Shrinkflation is not a product of your imagination. Jaffa Cakes did used to come in a box of 12; Walkers’ multipacks had more packets of crisps in them; toilet rolls had more sheets of tissue; cereal boxes were larger; the gaps between Toblerone’s chocolate peaks were smaller.

Likewise—bags of Maltesers, Minstrels, and M&Ms really did used to be bigger. This is the result of ‘shrinkflation’, a contributor to the rising cost of living that deserves more attention.

These examples are only a small number of the culprits that have got away with shrinkflation.

What is shrinkflation?

Shrinkflation is when companies downsize their products but keep prices the same—and has been likened to hidden inflation. Behaviourally, consumers are more sensitive to price changes than quantity changes, and companies are exploiting this to pass the higher costs of production onto the customer. The Covid19 pandemic fuelled an assortment of supply chain crises concerning raw materials, packaging, fuel, trucking, and labour. Moreover, the ongoing crisis in Ukraine has led to skyrocketing fuel costs and rising costs for many other basic ingredients.

A deceptive and unfair practice

Companies have been known to justify shrinkflation with ESG motivations, as smaller goods can be transported in larger bulk loads, which can lower aggregate emissions and save fuel. They have also claimed that it is for the good of the consumer as smaller portions are healthier, and aiming to standardize product sizes across ranges can aid consumer choice and make it easier to compare between goods.

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But no matter how companies label it, shrinkflation is effectively a price increase and is deceiving consumers. Passing on higher costs by changing the size of a product, whether with toilet roll or cereal, is not an immediately obvious change and requires the customer to proactively monitor the price per unit. Shrinkflation, therefore, affects customers’ ability to make rational decisions when shopping and capitalizes on how little time a customer might have and how observant they are. This is economically inefficient for already hard-hit consumers.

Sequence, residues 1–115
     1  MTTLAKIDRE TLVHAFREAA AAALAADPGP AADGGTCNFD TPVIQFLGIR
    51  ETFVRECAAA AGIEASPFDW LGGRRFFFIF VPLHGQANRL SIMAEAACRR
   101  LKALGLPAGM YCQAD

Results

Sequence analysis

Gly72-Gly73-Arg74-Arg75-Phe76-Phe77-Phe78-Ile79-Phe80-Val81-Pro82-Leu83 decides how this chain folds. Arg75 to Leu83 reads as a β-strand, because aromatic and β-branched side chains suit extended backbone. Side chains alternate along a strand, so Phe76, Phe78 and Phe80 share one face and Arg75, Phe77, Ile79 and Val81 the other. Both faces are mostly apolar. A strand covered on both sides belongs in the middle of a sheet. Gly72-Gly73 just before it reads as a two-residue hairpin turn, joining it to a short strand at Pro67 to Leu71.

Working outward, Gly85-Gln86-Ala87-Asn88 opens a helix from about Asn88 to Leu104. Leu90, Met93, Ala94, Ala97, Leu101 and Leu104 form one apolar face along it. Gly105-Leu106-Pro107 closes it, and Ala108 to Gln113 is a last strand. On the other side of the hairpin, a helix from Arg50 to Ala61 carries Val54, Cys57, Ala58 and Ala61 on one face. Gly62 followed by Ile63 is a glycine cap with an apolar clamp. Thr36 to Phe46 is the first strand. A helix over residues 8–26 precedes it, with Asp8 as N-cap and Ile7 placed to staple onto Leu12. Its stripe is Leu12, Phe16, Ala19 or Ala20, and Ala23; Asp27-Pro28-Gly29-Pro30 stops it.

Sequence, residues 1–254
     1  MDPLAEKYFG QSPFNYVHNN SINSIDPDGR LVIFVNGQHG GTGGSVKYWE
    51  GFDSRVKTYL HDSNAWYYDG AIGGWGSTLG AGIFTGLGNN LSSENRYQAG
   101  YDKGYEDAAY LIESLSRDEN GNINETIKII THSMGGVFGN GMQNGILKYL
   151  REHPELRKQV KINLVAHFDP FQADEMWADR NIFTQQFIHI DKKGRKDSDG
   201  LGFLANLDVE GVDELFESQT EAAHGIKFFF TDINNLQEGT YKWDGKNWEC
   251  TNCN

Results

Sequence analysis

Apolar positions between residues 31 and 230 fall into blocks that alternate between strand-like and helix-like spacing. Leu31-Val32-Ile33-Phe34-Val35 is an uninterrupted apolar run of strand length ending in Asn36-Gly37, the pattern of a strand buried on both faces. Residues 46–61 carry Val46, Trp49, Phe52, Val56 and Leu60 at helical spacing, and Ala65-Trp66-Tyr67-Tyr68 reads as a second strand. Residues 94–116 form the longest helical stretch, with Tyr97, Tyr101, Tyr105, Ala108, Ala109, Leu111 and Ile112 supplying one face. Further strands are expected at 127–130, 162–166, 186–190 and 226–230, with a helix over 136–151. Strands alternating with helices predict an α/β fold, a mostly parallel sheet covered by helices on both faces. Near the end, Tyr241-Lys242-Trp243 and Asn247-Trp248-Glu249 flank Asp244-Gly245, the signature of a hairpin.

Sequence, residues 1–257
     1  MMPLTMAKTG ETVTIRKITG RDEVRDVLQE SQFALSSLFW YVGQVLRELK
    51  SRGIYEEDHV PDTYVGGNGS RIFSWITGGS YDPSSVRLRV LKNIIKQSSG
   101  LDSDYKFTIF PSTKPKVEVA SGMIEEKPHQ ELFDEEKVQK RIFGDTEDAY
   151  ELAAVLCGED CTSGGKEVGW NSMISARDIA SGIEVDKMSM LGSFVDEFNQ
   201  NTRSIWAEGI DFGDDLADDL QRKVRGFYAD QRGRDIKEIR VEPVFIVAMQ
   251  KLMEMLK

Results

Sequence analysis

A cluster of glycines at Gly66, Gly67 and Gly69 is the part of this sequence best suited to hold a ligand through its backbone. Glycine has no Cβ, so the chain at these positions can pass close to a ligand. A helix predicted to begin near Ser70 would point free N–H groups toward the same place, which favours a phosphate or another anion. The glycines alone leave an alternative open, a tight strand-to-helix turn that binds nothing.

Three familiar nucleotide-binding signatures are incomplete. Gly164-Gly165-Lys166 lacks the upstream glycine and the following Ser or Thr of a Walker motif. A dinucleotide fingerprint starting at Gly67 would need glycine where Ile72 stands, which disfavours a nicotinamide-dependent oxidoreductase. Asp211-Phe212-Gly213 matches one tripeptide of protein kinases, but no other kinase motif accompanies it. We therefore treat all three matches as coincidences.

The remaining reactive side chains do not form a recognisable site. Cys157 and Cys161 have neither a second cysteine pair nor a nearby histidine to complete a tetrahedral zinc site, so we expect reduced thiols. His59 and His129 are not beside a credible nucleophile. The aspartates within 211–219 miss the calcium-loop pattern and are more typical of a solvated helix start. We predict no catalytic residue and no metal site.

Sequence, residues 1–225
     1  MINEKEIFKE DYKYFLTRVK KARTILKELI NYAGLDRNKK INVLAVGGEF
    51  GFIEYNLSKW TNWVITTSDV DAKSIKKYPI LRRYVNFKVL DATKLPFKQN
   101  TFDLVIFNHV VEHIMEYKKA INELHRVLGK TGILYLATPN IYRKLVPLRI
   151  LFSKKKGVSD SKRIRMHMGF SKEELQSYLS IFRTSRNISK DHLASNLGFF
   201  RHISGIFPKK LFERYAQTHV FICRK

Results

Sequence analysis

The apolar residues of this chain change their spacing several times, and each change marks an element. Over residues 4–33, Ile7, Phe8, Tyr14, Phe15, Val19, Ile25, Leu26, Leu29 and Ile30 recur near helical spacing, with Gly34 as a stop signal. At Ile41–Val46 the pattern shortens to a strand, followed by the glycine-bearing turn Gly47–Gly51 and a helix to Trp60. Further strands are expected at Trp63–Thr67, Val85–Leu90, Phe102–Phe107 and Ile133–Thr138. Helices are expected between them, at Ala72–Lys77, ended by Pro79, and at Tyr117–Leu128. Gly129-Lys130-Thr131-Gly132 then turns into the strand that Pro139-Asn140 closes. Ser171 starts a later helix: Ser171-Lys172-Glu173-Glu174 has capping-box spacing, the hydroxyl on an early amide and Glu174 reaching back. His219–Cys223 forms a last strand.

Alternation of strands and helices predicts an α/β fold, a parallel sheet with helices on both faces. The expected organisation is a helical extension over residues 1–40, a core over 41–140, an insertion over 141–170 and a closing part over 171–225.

A lot of the time, shrinkflation disproportionately affects consumers with lower disposable incomes and existing food insecurity, as the items in question are everyday products in the average person’s weekly shop. Consumers could switch to other brands or value products but will still often fall victim to the rampant inflation tearing through the economy.  Companies must be more open about downsizing their products so the rising cost of living can be more accurately presented to consumers. Inflation can mean that goods are both smaller and more expensive, putting a two-pronged squeeze on household budgets that shoppers can no longer afford to ignore.